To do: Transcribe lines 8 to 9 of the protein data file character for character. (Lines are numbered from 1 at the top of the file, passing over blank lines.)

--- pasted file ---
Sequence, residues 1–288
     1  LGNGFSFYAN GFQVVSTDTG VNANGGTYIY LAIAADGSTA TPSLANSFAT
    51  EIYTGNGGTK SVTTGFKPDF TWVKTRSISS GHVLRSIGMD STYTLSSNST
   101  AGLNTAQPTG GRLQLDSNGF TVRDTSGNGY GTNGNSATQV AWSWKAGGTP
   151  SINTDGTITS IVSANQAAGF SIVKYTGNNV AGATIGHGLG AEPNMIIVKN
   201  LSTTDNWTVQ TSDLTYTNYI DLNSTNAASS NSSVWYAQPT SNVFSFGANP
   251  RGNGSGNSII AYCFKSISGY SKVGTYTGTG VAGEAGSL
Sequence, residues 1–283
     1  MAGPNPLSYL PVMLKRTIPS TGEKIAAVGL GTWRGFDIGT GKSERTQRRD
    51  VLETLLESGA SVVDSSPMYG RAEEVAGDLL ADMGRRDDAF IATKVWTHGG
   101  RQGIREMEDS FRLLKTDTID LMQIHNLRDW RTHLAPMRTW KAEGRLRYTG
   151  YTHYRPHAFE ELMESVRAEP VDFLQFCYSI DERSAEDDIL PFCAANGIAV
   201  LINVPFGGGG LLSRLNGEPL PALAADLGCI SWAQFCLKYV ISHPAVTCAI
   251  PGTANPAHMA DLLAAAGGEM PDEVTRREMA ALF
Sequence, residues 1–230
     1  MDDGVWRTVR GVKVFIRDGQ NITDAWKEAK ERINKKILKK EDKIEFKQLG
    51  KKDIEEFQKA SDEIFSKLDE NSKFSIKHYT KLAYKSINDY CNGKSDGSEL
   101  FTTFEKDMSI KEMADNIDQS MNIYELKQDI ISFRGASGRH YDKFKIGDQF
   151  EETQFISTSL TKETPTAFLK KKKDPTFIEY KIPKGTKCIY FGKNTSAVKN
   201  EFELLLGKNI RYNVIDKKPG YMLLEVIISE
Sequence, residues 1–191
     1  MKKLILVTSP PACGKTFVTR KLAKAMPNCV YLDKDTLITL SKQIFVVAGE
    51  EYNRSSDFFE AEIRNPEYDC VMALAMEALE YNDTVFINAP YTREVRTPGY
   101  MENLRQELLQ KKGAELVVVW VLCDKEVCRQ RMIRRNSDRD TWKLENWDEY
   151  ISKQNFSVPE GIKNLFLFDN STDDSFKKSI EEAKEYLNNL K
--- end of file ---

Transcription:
Sequence, residues 1–283
     1  MAGPNPLSYL PVMLKRTIPS TGEKIAAVGL GTWRGFDIGT GKSERTQRRD